Last week I finally read Meg Mason’s book, Sorrow and Bliss. My middle sister recommended it to me ages ago, but I only just got around to reading it because I had to wait ages for it become available at the library. The library has 12 copies of this book, which tells you how popular it is.
I read it in two days and cried at the end.
I’m not sure how to describe it because it’s both funny and sad. It’s about getting things wrong and keeping going. Martha, (the main character) is both awful and endearing. Sometimes you want to shake her and say, don’t do that, but then you realise that often she can’t help herself.
Even though I loved it, I’m not sure it will appeal to everyone, so I thought I’d share an interview with the author so you can decide if it is something you want to read.
Finding the perfect interview with Meg Mason turned out to be more time-consuming than I imagined. Because the book has been so popular (they’re making it into a movie), she’s been a guest on just about every book podcast imaginable. I ended up listening to about five versions of the same interview and it was interesting to hear how differently she came across in each one. When the hosts were very chatty and casual, she was a lot funnier and more honest. In the more formal interviews, she sounded a lot more nervous and stayed “on script” the whole time.
I finally chose this interview with the author Kate Mildenhall because she sounds really comfortable. I suspect they know one another well because they are roughly the same age and probably hang out at the same literary festivals. In the interview, she reveals she dislikes her first book (a memoir) and when she sees it in a bookshop; she wants to scribble in the book and change some words.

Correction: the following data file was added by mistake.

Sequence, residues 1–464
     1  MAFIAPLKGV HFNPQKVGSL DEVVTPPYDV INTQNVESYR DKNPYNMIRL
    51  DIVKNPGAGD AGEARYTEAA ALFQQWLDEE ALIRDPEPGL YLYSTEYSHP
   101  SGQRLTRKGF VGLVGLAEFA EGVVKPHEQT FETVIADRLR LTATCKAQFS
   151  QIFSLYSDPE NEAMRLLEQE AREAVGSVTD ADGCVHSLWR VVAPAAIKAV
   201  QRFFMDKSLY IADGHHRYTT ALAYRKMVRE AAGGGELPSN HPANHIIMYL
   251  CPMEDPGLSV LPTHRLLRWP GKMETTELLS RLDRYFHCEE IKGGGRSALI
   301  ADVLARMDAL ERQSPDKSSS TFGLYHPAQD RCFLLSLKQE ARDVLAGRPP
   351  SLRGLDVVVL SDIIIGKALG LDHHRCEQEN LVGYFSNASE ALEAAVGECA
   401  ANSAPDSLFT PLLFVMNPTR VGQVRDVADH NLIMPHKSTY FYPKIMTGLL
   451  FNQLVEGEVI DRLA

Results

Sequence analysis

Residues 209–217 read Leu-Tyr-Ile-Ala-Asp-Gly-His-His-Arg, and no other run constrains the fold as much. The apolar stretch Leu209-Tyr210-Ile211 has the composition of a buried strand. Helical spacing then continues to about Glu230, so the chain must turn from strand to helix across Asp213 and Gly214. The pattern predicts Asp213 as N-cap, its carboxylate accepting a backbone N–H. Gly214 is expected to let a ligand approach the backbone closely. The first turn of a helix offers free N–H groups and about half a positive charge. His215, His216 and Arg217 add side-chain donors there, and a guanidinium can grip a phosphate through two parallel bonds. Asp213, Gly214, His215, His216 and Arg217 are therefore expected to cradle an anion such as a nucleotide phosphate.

This really resonated with me. When I worked as a film editor, I often had scenes where things just weren’t working, but I couldn’t fix them because I didn’t have the shots I needed, or I didn’t have enough time to make the scene work. I’m sure it’s the same for anyone trying to do something creative. Sometimes you know you should have started again, or spent more time, but for whatever reason, you didn’t or couldn’t. There was a deadline, or the kids needed to be fed, or you had to be somewhere. We often have a desire to make things look and sound perfect, but there isn’t always time to do that.
But it’s hard to give up the idea that we should do things well.
Every time I get down on the floor to do my exercises, I look at the little gaps where the paint stops and the skirting board starts. I did a pretty ordinary job when I painted that room, but I was recovering from a back injury when I did it, so it’s foolish to think that I could do anything other than a “good enough” job. Occasionally, I contemplate getting out the tin of half-strength chintz grey and finishing it properly, but then my knee hurts and I decide to leave it for another day. I’ve got other things to do. Maybe not very well, but to the best of my ability.
3 thoughts on “Sorrow and bliss”
I have also just finished this book and loved it. There were many things I laughed at and some were incredibly sad too. I thought not naming the mental disorder was a mistake though because I kept reading ahead to see what it was and speculating on the exact disorder. I found it distracting. I look forward to the film.
One of the reasons I shared the interview is because she talks about why she didn’t name the disorder, so you might find that bit interesting. I also found it a bit distracting though.
We read this in our book club recently. Very readable